There, News-O-Matic serves as a springboard to target speech and language goals, including conversational speech, restating, sequencing events, and answering the five “WH” questions: who, what, when, where, and how. It also addresses such pragmatic goals as staying on topic and bridging questions. How many times have you tried to engage in conversation with a student only to get one-word answers? “How was your weekend? – Good.” “Did you do anything special? – No.” News-O-Matic has proved to be an automatic engager that ends the one-word answers when carrying on conversations with students.
For many of my colleague’s students, speaking fluently and intelligibly at the conversation level is one of their speech and language goals. News-O-Matic is often used to initiate the conversation with relevant current events that kids are interested in. Students choose and read an article from The Daily Newspaper Just for Kids and the discussion begins. This has been an incredible way to facilitate conversation that allows the therapist to track students’ articulation success during therapy sessions. Students naturally begin to converse with both peers and adults.
In many cases, the resources provided by general-education teachers are too difficult for students with special needs to read and comprehend without extensive assistance. With News-O-Matic, these students are able to work independently on assignments and share orally with confidence. The app’s straightforward presentation of information delivered in a no-nonsense way with multimedia components really helps children with special needs, including students who struggle with reading or are intimidated by the often more technical and mundane texts found in many classrooms.
Jackie Bryla, founder of a.c.t. – Apps, Consulting and Training, is a licensed speech language pathology assistant (SLPA) in California. Her experience includes working with transitional kindergarten through high school age students as well as students with special needs within the functional skills and autism classrooms. She is highly experienced in technology and creatively uses apps with students. Jackie has extensively beta tested for many app developers including JumpApp, AVAZ, Cupcake Digital, Virtual Speech Center, and I Can Do It Apps. She has presented numerous workshops throughout California on apps to use in the classroom and therapy sessions.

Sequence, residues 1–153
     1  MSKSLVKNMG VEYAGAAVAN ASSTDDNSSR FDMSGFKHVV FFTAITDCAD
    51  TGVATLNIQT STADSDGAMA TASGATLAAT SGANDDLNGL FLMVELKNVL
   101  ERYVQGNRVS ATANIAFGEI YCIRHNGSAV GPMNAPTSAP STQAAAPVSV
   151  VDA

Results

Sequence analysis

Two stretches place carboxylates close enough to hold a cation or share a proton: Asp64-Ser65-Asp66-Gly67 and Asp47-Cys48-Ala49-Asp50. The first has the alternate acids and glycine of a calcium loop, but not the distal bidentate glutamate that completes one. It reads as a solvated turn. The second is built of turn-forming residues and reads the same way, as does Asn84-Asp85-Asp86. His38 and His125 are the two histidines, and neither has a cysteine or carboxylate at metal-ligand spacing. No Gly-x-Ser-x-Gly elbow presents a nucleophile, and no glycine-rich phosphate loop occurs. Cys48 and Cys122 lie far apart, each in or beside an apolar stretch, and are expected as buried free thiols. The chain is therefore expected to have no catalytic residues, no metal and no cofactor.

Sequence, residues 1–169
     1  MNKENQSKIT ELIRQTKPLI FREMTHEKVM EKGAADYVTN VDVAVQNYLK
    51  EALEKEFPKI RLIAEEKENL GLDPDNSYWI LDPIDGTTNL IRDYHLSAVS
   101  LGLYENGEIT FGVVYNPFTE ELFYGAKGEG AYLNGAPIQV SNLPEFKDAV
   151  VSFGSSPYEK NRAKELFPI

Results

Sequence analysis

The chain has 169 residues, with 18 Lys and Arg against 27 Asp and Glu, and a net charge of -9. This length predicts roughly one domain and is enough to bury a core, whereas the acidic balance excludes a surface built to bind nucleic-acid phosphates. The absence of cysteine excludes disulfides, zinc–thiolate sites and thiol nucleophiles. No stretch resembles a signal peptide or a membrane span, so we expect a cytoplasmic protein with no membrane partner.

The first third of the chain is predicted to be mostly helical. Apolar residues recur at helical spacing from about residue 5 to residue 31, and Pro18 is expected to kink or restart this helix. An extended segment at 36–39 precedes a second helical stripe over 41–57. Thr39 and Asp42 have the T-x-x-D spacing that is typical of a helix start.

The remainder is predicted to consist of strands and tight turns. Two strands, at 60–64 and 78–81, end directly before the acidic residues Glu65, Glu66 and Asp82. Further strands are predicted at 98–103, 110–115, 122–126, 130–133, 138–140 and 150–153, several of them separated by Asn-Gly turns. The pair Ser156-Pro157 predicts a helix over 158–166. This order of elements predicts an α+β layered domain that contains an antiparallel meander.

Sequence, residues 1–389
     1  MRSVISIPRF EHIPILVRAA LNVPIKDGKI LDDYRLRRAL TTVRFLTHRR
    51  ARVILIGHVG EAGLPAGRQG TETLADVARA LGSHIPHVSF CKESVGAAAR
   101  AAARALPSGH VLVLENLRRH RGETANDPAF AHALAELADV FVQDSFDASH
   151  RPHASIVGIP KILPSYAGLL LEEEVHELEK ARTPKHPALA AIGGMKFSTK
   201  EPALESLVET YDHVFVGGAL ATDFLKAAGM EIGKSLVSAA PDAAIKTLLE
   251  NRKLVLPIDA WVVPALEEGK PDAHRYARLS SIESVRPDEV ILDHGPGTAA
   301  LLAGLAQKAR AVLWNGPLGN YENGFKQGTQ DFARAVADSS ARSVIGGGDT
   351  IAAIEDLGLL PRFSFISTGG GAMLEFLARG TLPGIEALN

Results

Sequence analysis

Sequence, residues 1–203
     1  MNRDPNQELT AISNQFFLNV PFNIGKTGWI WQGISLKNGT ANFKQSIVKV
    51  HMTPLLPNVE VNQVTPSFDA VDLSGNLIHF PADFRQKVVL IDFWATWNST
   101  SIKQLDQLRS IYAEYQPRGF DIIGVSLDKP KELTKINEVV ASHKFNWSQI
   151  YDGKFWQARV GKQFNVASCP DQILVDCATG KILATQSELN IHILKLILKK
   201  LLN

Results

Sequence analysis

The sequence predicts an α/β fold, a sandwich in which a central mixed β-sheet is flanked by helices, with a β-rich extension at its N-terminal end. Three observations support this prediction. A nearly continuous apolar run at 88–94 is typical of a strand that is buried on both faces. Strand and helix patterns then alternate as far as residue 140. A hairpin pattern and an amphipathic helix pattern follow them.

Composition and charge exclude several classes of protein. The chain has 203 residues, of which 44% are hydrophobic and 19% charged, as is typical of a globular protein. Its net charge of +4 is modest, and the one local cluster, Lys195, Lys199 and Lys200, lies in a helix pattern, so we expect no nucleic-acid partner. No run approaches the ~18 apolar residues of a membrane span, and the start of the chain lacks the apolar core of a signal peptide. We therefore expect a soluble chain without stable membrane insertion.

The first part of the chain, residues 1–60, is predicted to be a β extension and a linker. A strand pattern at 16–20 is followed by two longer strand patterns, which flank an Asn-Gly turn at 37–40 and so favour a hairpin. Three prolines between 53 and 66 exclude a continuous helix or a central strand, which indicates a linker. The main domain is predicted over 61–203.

Jayne Clare has taught special education for the past 30 years. She puts the utmost value in motivating students creatively and getting them excited about their own learning. She has always known the importance of integrating technology across all curriculum and content areas. Jayne Clare’s passion is working with struggling readers, and reading readiness is her expertise. Jayne is co-founder of Teachers With Apps, an educational app review site. In addition, she offers her expertise in working with developers achieve appropriate educational content for their apps via Jayne Clare Consulting. Jayne hosts the weekly Educational App Talk, a Facebook forum that discusses hot topics in the app world. She recently won the NSBA 20 to Watch Recognition Award, which identifies emerging leaders within the edtech community. She holds an undergraduate degree in art education from Southampton College, and master’s degrees in special education and educational technology from C.W. Post.